print(obj["unique"]); //undefined -- the name of the property is not the string "unique"
   return obj;
}
var obj=makeObj();
print(obj["unique"]); //undefined -- the name of the property is still not the string "unique"
print(obj.unique);    //undefined -- this statement is not in the scope of the private declaration so the
                      //string value "unique" is used to look up the property.  It does not match the Private Name value

This technique can be used to define “instances-only” visibility for properties. Each instance uses a unique property name and only code that is associated with the instance knows the unique name:

function Thing() {
    private key;   // each invocation will use a new unique private key value
    this.key = "instance private value";
    this.hasKey = function(x) {
        return x.key === this.key;  //x.key should be undefined if x!==this
    };
    this.getThingKey = function(x) {
        return x.key;
    };
}
 
var thing1 = new Thing;
var thing2 = new Thing;
 
print("key" in thing1);       // false
print(thing2.key);            //undefined
print(thing1.hasKey(thing1)); // true
print(thing1.hasKey(thing2)); // false

By changing the scope of the private declaration a similar technique can be used to define “class-only” visibility properties. Each instance uses the same unique property key and knowledge of the key is shared by the all the instances so they can mutually access each others private named properties:

private key;  //the same private name value is used by every invocation of Thing
function Thing() {
    this.key = "class private value";
    this.hasKey = function(x) {
        return x.key === this.key;
    };
    this.getThingKey = function(x) {
        return x.key;
    };
}
 
var thing1 = new Thing;
var thing2 = new Thing;
 
print("key" in thing1);       // false
print(thing1.hasKey(thing1)); // true
print(thing1.hasKey(thing2)); // true

Friend visibility similar to that provided by c++ can be obtained by using private declarations that are visible to several related object literals, object constructors or factory functions enclosed in an outer function and returned from it (directly, or stored as effects in objects).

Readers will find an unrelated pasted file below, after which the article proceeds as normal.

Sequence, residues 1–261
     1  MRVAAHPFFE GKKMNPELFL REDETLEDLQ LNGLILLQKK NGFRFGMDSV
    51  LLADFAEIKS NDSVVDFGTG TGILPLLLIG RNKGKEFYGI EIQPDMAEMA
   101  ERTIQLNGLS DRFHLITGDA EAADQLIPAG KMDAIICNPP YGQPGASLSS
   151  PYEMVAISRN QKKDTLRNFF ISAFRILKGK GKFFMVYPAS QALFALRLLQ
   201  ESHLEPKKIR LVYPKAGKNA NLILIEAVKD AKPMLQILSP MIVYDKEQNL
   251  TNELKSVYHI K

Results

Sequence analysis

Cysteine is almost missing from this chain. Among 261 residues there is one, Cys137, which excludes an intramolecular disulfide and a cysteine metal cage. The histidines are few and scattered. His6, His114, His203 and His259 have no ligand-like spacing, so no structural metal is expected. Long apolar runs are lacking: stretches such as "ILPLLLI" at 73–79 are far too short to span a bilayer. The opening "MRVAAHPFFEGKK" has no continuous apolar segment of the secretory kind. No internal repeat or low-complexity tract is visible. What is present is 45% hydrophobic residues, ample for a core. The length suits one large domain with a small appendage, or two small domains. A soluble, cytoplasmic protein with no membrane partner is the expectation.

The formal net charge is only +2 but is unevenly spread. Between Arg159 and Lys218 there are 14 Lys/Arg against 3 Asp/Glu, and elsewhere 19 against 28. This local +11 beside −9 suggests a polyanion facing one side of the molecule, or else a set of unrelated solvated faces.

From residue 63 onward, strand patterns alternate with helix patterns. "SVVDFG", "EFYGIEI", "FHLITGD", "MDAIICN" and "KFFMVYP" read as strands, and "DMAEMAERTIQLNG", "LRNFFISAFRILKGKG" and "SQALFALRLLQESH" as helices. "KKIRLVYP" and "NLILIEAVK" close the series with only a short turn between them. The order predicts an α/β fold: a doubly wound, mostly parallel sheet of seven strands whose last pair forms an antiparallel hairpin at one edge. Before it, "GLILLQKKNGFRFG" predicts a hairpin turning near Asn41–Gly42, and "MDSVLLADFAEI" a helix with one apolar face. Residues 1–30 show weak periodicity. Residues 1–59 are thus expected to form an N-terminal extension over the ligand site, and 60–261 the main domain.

Private Identifiers in Object Literals

A private identifier may also appear as the IdentifierName of a PropertyName production in an ObjectLiteral. If the identifier in such a productions is not a private identifier then the identifier name string is used as the value of IdentifierName, just as in ECMAScript 5.

With this feature, object literals can be used as an alternative expression of the previous three examples:

function makeObj() {
   private unique;
   var obj = {unique: 42};
   print(obj.unique);//42 -- the private identifier can be used in scope to access the property's value
   print(obj["unique"]); //undefined -- the name of the property is not the string "unique"
   return obj;
}
function Thing() {
    private key;
    return {
       key : "instance private value",
       hasKey : function(x) {
          return x.key === this.key;  //x.key should be undefined if x!==this
       },
       getThingKey : function(x) {
          return x.key;
       }
    };
}
private key;
function Thing() {
    return {
       key : "class private value",
       hasKey : function(x) {
          return x.key === this.key;  //x.key should be undefined if x!==this
       },
       getThingKey : function(x) {
          return x.key;
       }
    };
}

Private Declaration Scoping

private declarations are lexically scoped, like all declarations in Harmony. Inner private declarations shadow access to like-named private declarations in outer scopes. Within a block, the scoping rules for private declarations are the same as for const declarations.

function outer(obj) {
   private name;
   function inner(obj) {
      private name;
      obj.name = "inner name";
      print(obj.name);   //"inner name" because outer name declaration is shadowed
   }
   obj.name = "outer name";
   inner(obj)
   print(obj.name);      //"outer name"
}
var obj = {};
obj.name = "public name";
outer(obj);
print(obj.name);            //"public name"

After executing the above code, the object that was created will have three own properties:

Property Name Property Value
“name”“public name”
private nameouter“outer name”
private nameinner“inner name”

However, the above is not a very realistic example. After execution of the above code, the two private named properties could not be directly accessed because the private identifier bindings that contain their property names are no longer accessible. More typically a private identifier binding will be shared by several functions (methods) that need to have shared access to a private named property.

Private Declarations Exist in a Separate "Name Space" Parallel to the Variable Binding Environment

Consider the following very common idiom used in a constructor declaration:

function Point(x,y) {
   this.x = x;
   this.y = y;
   //... methods that use x and y properties
}
var pt = new Point(1,2);